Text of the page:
Michael Seath, Justices' Clerk for West Midlands & Warwickshire, is driving the project in Birmingham. He said: “The idea came from conversations across the criminal justice system. But we did not want only to have an idea; we needed something solid to show and test – to prove we could deliver a digital criminal courtroom. We know that this concept court is not necessarily the exact solution we will have in the future. But like a concept car at a car show, it demonstrates what we can do”.

The use of secure video links, now available in 90 percent of magistrates’ courts and all crown courts, has been a simple solution that has uses across the criminal justice system. It allows defendants to appear in court from prison or police stations, reducing the expensive and risky transfer of offenders to court (roughly 13,500 prisoners are escorted to court across England and Wales each month, on average). For example, in a recent case at Westminster Magistrates’ Court, a man had been caught in possession of drugs and kept overnight in the police station. The magistrates were able to hear the whole case and issue the sentence in just a few minutes via video link directly from the police station, avoiding the significant time and cost associated with bringing him into court.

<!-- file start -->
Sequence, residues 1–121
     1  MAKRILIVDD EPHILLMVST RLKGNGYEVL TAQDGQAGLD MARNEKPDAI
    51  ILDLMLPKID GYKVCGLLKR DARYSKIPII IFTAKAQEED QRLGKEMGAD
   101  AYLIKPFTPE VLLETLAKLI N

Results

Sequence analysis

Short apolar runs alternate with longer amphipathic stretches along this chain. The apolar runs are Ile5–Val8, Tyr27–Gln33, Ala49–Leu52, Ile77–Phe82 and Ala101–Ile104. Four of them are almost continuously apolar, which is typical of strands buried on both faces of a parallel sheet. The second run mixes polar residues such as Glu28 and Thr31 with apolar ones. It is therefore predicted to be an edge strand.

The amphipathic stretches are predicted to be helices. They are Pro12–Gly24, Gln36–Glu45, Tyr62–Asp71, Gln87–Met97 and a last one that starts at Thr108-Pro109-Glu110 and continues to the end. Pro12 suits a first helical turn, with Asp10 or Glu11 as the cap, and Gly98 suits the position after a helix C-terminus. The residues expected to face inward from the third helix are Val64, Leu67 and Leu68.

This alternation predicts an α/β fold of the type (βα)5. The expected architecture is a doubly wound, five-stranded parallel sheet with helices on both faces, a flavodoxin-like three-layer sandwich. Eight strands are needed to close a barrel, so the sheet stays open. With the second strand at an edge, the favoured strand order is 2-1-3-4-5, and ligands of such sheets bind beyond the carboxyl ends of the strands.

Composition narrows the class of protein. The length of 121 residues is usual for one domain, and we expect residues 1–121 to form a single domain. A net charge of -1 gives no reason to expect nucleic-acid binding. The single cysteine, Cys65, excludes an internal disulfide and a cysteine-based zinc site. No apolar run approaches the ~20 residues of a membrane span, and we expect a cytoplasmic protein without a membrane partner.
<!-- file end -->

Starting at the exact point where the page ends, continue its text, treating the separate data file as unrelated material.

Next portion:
Video links also allow witnesses to give evidence in court without having to be physically present, both giving added protection to vulnerable people and also saving the time of police witnesses. To ensure the safe transfer of information to court, video links must meet Government security standards.

The digital presentation of evidence from laptops or tablets onto screens in the courtroom has also delivered benefits and removed the need for sharing paper copies of evidence.

Bindi Atwall, Senior Crown Prosecutor, explained a recent case in Birmingham where all the evidence was on closed-circuit television: “We requested the footage from the police; within two hours we had it in our hands and were able to play it in court. The defendant pleaded guilty on seeing the video evidence. Without the use of this technology, we never would have got it to court so quickly – it would have taken at least four weeks”.